Kara Goucher
“I am so excited to be returning to the ING New York City Marathon. So much in my life has changed during the five years since I last ran this race, but my love for NYC remains the same; it feels like a full-circle moment to return to NYC, where my marathon career began and to return with my son. NYRR has been such an incredible and supportive part of my marathon career. I have been eager to return to NYC when the timing was right, and the time is now.  I look forward to testing myself in the most prestigious marathon in the world.”
Mary Wittenberg
“Meb, Ryan, and Kara are examples of what is so great about our sport—competitors who overcome obstacles, keep going, and help lift the running community. On Marathon Day we’ll run for our City, for Boston, and for runners everywhere. In this year of added meaning, it is an honor to welcome back so many of our City’s and our nation’s favorite American runners and to have these three great athletes lead us as the spirit and excitement of this great race returns to New York.”

Elite Men
Marathon Personal Best
Ryan Hall
Meb Keflezighi
Jason Hartmann
Ryan Vail
Jeff Eggleston
Elite Women
Marathon Personal Best
Twitter Handle
Kara Goucher
Amy Hastings
Adriana Nelson
Janet Bawcom
Alisha Williams
Mattie Suver
    Julie Culley          

Also follow me on Twitter @marathoner

Friday, July 19, 2013

My Running Invention: Blister Instafix

They say that necessity is the mother of invention. I proved that yesterday during my first run in a New York City Marathon 16-week training program. Hopefully I will be able to show you on Katie Couric's TV show!

My Mizuno running shoes recently developed a bare patch in the right heel area. I wore them yesterday on a trail run from Piermont to Nyack, up the Hudson River just north of the city. About 2 miles in, I began to feel blistering in that area, as my heel rubbed against that unpadded surface of the shoe. A very common blister.

I toughed it out for another mile and I knew that if I went any further I was going to ruin my chances for good 10K races this weekend, as I am in Saturday's Boomer Esiason Run To Breathe 10K at Central Park and also the Queens 10K in Flushing. So I stopped and took off my shoe. Then I took off my Balega sock.

I examined the blister, and lacking any bandage means at the time, I did something new: I doubled the Balega sock over and pushed it against the back of my shoe. Then I slipped my foot into the shoe. The sock gave double the padding between my heel and the shoe, and I was unaffected in finishing my 5 miler.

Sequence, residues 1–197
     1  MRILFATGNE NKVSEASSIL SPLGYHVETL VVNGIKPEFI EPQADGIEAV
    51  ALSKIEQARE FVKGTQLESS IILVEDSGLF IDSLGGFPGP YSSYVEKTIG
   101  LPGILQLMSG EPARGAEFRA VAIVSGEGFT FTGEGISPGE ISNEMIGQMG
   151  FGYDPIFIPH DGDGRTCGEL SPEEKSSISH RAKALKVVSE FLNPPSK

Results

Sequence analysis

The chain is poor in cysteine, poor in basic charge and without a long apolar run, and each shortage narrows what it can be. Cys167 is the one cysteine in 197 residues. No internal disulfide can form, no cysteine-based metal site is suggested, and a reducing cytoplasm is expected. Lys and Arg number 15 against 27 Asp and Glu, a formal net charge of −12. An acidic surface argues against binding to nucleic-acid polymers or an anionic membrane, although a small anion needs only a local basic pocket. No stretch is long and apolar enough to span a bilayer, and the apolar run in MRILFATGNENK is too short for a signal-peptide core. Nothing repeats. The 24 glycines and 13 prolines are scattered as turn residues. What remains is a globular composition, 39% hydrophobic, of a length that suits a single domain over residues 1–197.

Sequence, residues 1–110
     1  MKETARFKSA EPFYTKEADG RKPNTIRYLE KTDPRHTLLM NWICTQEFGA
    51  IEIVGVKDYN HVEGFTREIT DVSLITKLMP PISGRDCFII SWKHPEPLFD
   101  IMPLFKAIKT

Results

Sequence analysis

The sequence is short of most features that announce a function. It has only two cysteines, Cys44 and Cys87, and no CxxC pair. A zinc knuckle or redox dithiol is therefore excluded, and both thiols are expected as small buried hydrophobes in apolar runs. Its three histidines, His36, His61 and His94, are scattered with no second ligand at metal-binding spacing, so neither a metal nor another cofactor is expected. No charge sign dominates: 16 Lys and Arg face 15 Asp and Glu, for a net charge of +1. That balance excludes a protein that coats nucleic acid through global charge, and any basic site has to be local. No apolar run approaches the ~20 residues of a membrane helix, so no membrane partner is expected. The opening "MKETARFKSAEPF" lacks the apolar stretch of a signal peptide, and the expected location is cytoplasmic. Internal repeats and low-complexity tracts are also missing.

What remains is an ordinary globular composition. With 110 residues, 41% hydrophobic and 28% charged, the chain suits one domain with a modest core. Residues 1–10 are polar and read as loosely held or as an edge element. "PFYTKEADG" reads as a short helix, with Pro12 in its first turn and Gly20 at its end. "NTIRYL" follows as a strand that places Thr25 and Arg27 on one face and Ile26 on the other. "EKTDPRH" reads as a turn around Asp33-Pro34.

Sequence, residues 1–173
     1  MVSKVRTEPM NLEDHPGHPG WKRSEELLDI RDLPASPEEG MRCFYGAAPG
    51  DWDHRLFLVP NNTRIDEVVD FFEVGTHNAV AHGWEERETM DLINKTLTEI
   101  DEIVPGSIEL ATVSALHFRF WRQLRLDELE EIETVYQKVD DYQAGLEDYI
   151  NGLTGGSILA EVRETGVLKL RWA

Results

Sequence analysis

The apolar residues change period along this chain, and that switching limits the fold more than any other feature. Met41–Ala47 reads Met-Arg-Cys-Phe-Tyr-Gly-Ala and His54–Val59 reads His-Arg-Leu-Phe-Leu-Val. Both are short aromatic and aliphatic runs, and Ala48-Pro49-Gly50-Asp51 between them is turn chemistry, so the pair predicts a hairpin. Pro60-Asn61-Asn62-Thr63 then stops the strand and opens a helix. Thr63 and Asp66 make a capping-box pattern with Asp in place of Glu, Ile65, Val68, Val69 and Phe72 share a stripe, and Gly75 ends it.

As for Katie Couric's TV show: She just tweeted that she is looking for #MothersOfInvention -- people who have come up with products others can't live without.

Mine is a process rather than a product, but it's my invention and I submitted my entry in hopes of being on the show. Hopefully they'll pick me! Either way, I now have something to pass along to my running friends here -- feel free to copy the Blister Instafix!

Thursday, July 18, 2013

I Can Breathe!

I've been quiet here lately because I have spent the last couple of months trying to breathe.

Never have I been so happy to start a marathon training program as I am right now. Yesterday I returned to work and also began my 16-week New York City Marathon training program. This after I was finally diagnosed and treated for an "irritated larynx" probably caused by a reflux disease that has required me to change my diet, which I needed to do anyway as a runner. So far so good.

It all started when I was in St. Louis in mid-May for my son's law-school graduation. My sinuses began draining and after a 5-hour delay at STL's airport I came home to NY with an upper-respiratory infection. That began a string of doctor visits -- urgent cares, 2 hospital ER visits, family doctor, one pulmonologist who ran out of ideas and then another pulmonologist at Columbia Presbyterian who finally came through.

Bottom line, I was having trouble getting a full breath. Gradually I realized that it was especially problematic whenever I talked. For someone who interviews people for a living, that's not great. Tests included:

-CT scan of chest with contrast
-CT scan of neck without contrast